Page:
I am very much hoping that I get to keep my uterus but I also know that if I do have to have a hysterectomy, that I’ll be okay with that.

Bloody Relief

What I am not okay with is this: my primary care doctor blew off my concern three years ago when I first raised the issue. If she’d referred me to a gynecologist at that time instead of telling me that everything was normal then perhaps things would have been different. Or perhaps not–I’ll never know for sure. All I know is that when I told her that I was concerned and that my periods were no longer normal for me, she should have listened.

I’m getting a new primary care doctor and once my care is officially transferred (sometime in the next month), I’ll be writing a letter of complaint to the state medical board, as there were other ongoing issues with my care as well.

I don’t know why doctors don’t listen to people when they talk about menstrual pain and irregularity. What I’ve had to deal with my entire adult life, and especially over the last 8 years, is not normal. And if I hadn’t said something when I did–I am so lucky.

And what I’ve been dealing with is relatively mild on the spectrum of horrible things that can happen to uteruses and environs: no fibroids, no ovarian cysts, no endometriosis (that I know of), and once it became apparently something was wrong, I received prompt and appropriate treatment. I know people who have been strung along by their doctors for years, told that their pain and difficulty wasn’t really that bad, that they were exaggerating, that they should just be less anxious, that it’s in their head, and let’s check just one more thing before you can have your hysterectomy (there’s always one more thing) so on and so forth. But it was also the fear of being told those things that lead me to stay quiet about what I was dealing with for so long, too.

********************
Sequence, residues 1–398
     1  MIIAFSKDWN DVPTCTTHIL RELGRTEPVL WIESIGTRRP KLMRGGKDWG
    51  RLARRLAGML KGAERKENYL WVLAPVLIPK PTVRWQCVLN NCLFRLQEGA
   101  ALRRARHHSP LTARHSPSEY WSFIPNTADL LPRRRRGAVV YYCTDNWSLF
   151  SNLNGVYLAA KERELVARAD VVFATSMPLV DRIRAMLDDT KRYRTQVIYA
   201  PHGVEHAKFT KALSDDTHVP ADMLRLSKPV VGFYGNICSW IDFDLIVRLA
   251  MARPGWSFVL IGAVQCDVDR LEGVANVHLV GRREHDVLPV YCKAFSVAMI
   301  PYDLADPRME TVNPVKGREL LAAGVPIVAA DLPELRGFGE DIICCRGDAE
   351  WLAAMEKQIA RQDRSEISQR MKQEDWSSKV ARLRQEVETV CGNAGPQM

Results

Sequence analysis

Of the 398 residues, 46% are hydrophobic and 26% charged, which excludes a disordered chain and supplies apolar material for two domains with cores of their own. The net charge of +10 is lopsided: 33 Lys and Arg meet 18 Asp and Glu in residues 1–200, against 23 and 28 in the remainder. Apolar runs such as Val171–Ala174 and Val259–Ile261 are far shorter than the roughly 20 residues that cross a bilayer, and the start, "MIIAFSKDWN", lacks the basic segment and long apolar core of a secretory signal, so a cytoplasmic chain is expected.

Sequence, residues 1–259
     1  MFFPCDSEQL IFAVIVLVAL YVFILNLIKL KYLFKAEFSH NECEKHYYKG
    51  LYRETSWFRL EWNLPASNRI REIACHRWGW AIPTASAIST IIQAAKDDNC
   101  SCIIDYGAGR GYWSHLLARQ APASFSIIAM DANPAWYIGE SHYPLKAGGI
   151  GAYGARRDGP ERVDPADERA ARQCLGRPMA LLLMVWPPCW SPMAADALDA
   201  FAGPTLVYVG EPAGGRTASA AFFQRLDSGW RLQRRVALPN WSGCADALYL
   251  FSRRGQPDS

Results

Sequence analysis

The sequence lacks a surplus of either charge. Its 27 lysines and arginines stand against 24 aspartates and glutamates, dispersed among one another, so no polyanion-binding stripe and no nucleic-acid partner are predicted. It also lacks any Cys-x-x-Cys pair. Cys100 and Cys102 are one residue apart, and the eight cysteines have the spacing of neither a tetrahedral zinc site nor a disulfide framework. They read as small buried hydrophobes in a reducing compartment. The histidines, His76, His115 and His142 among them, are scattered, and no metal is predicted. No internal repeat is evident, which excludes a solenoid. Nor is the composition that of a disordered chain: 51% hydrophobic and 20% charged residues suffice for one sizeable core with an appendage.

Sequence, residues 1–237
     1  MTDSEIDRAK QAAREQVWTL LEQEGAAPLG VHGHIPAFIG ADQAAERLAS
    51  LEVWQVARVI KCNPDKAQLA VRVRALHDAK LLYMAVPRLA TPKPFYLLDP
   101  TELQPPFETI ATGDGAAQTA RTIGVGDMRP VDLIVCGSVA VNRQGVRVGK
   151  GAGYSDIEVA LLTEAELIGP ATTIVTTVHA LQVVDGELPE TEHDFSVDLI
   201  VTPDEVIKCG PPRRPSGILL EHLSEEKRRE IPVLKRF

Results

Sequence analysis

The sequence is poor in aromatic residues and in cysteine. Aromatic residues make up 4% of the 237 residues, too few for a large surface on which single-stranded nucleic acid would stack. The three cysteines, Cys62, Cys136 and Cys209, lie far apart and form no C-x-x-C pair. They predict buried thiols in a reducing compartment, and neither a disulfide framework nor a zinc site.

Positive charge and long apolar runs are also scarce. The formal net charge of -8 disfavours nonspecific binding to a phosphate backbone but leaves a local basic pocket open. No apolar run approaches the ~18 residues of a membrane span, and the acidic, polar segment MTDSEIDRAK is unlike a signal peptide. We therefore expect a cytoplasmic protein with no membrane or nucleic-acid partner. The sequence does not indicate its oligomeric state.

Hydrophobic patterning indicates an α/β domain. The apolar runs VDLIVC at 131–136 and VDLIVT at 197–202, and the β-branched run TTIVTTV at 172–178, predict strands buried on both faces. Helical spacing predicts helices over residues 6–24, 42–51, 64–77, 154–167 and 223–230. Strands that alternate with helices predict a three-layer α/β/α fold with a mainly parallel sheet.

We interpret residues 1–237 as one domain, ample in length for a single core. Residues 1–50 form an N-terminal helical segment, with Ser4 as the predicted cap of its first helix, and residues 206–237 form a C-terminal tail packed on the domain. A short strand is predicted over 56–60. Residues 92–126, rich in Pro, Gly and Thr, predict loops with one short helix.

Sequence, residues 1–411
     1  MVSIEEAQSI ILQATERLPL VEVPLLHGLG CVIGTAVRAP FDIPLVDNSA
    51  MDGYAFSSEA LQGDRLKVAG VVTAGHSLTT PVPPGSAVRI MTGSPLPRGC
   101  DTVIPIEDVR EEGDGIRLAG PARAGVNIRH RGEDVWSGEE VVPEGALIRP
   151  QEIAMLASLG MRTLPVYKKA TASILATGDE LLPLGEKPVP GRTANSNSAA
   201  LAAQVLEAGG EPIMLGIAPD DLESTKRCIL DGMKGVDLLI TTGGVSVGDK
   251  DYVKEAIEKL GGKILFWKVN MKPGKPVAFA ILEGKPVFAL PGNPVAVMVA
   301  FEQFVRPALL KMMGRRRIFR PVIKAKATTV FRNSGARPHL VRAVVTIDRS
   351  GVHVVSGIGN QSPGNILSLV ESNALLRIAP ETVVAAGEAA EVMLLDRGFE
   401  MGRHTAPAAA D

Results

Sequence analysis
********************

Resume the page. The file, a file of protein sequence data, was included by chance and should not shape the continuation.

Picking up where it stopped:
I repeat: I am one of the lucky ones.

More reading: Lena Dunham’s “The Sickest Girl”. I see reflections of myself in her experience. I know I am not alone. You’re not alone, either.

(We won’t talk about my stupid high deductible health insurance with an out of pocket maximum of $5,000 because that is a whole other thing I could write a post about.)

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24 Comments

  1. Gail

    I had massive fibroids, and waited way too long to finally work up the nerve to address it with a doctor. Having a hysterectomy was honestly one of the best things I’ve ever done. I feel so much better, my life is so much easier, and I’m finally no longer anemic.